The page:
Fentanyl overdoses have become the leading cause of death for Americans age 18-45, according to Centers for Disease Control and Prevention data.
America’s drug problem deserves more attention.
A recent analysis of CDC data by opioid awareness group Families Against Fentanyl put fentanyl poisoning atop the list of deadliest threats to younger adults for the first time, above suicide, COVID-19 and car accidents.
Fentanyl deaths have nearly doubled since 2019.
- Meanwhile, CDC data released last month revealed another tragic first: More than 100,000 people died of drug overdoses in the 12 months before April
- That was a spike of 29% compared to the preceding 12 months.
- Synthetic opioids such as fentanyl accounted for more than 75 percent of the deaths.
“As we continue to make strides to defeat the Covid-19 pandemic, we cannot overlook this epidemic of loss, which has touched families and communities across the country,” President Joe Biden said in a statement last month responding to the grim news.
Republicans have slammed Biden’s handling of the overdose epidemic.
- Last month, Rep. Elise Stefanik of New York and Sen. Chuck Grassley of Iowa suggested the president’s immigration policies were to blame for fentanyl importation into the country.
- “Welcome 2 Pres Biden’s America where 10,000 pounds of fentanyl hv been seized by Customs & Border patrol so far this fiscal yr which is enough to kill over 2 billion ppl or more than 1/4 of the world’s population,” Grassley tweeted on Nov. 1.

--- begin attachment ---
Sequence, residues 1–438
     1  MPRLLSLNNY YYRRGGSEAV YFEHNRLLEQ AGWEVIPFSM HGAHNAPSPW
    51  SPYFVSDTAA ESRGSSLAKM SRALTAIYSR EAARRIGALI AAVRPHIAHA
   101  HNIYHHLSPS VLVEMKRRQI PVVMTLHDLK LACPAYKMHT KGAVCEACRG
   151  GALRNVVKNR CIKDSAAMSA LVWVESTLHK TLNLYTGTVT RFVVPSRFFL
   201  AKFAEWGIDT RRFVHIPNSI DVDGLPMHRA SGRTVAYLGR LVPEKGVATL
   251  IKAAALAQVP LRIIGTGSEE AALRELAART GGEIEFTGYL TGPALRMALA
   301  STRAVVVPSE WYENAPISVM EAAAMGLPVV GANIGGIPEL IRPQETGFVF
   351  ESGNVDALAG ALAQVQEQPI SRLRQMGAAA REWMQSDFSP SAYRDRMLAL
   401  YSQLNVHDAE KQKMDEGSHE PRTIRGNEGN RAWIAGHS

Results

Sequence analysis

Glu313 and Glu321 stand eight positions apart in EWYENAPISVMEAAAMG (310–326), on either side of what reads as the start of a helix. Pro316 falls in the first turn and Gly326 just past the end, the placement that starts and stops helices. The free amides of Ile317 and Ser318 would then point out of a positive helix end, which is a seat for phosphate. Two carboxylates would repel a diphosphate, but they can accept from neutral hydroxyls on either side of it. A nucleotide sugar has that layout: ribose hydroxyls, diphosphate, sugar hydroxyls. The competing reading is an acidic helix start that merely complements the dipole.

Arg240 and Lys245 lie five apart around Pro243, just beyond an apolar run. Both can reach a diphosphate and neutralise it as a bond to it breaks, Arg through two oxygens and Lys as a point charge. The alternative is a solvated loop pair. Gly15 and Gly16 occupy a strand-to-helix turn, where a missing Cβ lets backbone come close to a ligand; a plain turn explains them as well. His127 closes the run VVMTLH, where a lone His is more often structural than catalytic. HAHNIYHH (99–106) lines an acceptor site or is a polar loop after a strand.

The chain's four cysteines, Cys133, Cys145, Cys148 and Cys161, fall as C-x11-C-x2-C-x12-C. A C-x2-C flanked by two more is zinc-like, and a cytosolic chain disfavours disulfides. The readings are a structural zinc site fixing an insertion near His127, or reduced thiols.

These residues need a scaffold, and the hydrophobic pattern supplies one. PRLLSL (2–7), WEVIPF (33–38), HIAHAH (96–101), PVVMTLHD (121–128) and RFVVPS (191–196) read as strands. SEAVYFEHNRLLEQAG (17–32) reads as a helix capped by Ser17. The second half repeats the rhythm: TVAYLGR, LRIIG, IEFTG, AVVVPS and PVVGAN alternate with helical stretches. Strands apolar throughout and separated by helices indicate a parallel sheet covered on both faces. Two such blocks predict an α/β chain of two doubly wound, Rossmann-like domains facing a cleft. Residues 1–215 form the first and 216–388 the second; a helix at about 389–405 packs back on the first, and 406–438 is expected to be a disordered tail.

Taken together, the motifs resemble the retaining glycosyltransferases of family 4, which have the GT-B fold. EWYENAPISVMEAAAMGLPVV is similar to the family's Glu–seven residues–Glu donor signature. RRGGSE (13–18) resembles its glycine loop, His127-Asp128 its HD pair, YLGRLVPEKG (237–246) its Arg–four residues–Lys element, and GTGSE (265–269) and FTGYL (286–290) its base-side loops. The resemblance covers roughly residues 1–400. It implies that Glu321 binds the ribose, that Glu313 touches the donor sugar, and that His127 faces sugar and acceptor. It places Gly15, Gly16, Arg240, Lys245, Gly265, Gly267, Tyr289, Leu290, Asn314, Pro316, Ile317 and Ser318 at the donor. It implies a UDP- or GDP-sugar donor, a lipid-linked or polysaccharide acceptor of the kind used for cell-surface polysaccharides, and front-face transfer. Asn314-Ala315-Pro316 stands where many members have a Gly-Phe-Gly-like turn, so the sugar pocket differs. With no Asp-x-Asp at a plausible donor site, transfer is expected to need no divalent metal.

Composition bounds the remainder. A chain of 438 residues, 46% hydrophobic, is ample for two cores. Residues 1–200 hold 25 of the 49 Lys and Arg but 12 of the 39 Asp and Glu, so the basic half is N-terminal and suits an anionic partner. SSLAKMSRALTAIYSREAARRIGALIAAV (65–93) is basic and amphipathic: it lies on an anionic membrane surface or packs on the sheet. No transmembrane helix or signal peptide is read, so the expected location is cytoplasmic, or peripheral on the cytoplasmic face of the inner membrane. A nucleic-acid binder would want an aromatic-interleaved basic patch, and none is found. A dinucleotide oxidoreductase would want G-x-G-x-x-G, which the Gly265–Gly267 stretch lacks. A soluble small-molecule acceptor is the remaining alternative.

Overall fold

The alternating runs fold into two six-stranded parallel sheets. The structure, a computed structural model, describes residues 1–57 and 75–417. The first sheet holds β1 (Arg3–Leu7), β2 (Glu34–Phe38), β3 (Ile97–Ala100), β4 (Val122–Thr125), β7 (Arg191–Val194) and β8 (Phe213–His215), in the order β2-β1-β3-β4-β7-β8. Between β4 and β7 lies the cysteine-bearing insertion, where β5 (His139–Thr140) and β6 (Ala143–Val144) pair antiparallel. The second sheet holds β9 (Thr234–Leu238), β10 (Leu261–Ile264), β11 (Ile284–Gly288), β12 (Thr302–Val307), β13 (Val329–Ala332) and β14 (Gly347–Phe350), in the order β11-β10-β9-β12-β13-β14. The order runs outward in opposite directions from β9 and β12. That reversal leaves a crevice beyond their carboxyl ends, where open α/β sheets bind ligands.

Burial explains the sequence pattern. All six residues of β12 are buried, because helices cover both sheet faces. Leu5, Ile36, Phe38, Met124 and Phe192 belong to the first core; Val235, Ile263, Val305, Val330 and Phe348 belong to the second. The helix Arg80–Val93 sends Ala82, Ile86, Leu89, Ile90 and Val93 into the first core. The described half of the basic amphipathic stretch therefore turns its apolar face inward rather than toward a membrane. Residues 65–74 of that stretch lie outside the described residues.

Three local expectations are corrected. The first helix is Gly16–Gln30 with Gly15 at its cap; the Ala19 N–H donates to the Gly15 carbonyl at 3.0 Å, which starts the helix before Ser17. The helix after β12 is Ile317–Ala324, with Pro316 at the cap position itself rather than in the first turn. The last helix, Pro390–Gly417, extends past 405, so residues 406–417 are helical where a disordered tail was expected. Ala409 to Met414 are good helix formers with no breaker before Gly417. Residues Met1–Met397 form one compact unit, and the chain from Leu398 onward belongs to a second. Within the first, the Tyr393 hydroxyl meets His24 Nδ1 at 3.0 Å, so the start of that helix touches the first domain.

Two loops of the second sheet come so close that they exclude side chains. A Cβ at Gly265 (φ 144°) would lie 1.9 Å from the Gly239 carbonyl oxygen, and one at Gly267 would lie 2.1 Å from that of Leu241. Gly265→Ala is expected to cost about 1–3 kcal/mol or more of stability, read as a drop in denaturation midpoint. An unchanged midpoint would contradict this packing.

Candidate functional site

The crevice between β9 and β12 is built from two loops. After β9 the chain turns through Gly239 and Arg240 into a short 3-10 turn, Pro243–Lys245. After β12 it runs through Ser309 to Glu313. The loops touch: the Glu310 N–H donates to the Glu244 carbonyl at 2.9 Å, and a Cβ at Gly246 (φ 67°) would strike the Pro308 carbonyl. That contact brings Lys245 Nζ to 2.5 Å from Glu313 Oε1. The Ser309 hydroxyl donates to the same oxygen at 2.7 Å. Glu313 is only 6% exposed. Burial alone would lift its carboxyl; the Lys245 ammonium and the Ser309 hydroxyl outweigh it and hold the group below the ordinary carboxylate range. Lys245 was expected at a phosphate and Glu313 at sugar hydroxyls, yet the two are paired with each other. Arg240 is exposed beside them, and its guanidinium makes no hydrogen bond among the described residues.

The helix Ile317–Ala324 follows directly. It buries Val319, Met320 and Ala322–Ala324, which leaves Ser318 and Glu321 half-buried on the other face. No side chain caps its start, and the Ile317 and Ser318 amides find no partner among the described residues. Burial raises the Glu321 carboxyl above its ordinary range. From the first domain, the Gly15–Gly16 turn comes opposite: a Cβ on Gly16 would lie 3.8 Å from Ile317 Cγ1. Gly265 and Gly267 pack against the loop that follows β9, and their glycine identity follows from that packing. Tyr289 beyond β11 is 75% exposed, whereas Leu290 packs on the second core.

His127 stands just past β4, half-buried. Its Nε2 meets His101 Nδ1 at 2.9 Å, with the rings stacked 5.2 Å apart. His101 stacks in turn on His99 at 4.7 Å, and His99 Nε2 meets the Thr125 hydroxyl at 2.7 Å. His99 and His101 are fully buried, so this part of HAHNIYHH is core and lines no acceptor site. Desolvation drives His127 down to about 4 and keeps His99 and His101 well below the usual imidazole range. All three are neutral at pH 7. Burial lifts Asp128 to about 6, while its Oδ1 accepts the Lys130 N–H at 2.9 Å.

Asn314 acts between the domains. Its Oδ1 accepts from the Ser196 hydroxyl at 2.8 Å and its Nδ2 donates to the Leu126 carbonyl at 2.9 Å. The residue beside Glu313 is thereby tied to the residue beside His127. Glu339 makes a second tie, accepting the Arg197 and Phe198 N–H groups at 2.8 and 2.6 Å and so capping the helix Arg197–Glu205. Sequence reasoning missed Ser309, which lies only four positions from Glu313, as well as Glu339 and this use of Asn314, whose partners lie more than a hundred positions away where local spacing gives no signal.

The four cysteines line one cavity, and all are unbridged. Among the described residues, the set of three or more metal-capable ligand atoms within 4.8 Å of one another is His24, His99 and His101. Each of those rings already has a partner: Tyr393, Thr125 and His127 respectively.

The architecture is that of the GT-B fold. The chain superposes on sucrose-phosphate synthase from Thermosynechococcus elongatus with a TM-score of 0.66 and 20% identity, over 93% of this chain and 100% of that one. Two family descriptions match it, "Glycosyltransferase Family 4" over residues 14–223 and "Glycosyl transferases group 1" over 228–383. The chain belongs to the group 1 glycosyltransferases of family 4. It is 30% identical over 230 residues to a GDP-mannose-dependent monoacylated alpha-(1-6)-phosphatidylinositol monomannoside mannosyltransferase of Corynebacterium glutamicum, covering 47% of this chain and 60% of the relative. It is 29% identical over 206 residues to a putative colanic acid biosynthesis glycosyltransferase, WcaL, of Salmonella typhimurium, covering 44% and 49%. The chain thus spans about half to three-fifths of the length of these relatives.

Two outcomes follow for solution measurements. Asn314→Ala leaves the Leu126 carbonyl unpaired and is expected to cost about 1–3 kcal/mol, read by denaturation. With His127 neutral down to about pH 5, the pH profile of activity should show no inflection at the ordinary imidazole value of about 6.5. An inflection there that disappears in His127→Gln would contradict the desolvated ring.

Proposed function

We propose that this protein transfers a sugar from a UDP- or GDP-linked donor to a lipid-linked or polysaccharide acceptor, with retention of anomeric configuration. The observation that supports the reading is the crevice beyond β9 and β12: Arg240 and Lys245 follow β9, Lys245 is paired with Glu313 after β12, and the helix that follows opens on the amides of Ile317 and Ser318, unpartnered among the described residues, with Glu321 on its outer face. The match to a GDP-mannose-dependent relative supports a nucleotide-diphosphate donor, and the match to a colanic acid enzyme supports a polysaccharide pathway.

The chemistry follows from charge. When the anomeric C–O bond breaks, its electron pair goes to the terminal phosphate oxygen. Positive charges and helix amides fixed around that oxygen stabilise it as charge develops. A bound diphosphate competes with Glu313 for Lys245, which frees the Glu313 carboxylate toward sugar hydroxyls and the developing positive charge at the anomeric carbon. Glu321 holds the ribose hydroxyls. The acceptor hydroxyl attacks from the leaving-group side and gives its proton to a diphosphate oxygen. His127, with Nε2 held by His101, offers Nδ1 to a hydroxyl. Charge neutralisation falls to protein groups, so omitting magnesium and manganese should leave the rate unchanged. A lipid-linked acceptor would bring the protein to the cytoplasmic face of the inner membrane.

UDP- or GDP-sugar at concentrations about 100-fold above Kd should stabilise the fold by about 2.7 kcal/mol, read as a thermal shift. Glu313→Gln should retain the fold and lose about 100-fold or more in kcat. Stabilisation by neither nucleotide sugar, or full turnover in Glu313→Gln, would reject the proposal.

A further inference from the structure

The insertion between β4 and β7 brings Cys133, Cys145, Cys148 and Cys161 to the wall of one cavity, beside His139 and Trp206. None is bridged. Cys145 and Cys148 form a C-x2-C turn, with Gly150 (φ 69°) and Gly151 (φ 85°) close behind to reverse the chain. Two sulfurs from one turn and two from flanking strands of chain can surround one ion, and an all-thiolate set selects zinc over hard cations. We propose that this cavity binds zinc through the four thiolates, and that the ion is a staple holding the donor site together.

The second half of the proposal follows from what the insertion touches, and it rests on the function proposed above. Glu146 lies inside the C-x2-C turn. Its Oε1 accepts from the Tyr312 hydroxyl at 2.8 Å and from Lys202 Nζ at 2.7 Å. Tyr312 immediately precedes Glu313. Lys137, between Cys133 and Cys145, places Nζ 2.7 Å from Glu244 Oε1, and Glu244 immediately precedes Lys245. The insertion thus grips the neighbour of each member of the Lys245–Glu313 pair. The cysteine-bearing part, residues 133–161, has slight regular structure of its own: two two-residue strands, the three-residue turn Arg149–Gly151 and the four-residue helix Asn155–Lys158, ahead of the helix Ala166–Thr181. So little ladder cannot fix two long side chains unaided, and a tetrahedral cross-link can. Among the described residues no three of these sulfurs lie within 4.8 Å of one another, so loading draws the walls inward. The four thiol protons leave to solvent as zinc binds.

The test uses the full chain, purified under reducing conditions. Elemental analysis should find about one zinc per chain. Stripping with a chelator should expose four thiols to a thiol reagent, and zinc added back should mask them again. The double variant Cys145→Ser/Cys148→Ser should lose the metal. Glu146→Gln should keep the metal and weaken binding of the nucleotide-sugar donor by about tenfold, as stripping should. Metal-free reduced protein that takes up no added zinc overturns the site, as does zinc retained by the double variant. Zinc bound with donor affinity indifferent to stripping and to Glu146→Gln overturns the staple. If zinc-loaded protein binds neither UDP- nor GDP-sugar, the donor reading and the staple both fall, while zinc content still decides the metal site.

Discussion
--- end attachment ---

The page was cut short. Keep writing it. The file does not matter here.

- Sen. Ted Cruz of Texas said on Twitter last week that Biden “needs to secure the border to stop the fentanyl from flowing into our communities.”
Biden’s defenders have argued the large quantities of fentanyl seized at the border are evidence the system is working.
- FactCheck.org noted last month that “officials seized nearly as much fentanyl in the last nine full months of Trump’s presidency as had been seized during the first nine full months of Biden’s.”
On the other hand, Biden has also taken flack from the left for his plan to permanently make fentanyl-related substances “Schedule I” drugs.
- Progressive critics claim the policy, which was enacted as a temporary measure by the Trump administration, will disproportionately affect people of color.
- “A classwide ban would not prevent overdose deaths, and it would exacerbate racist criminalization practices — while shifting attention away from much-needed harm reduction strategies that actually save people’s lives,” criminal justice reform activist Maya Schenwar wrote in an NBC News op-ed last month.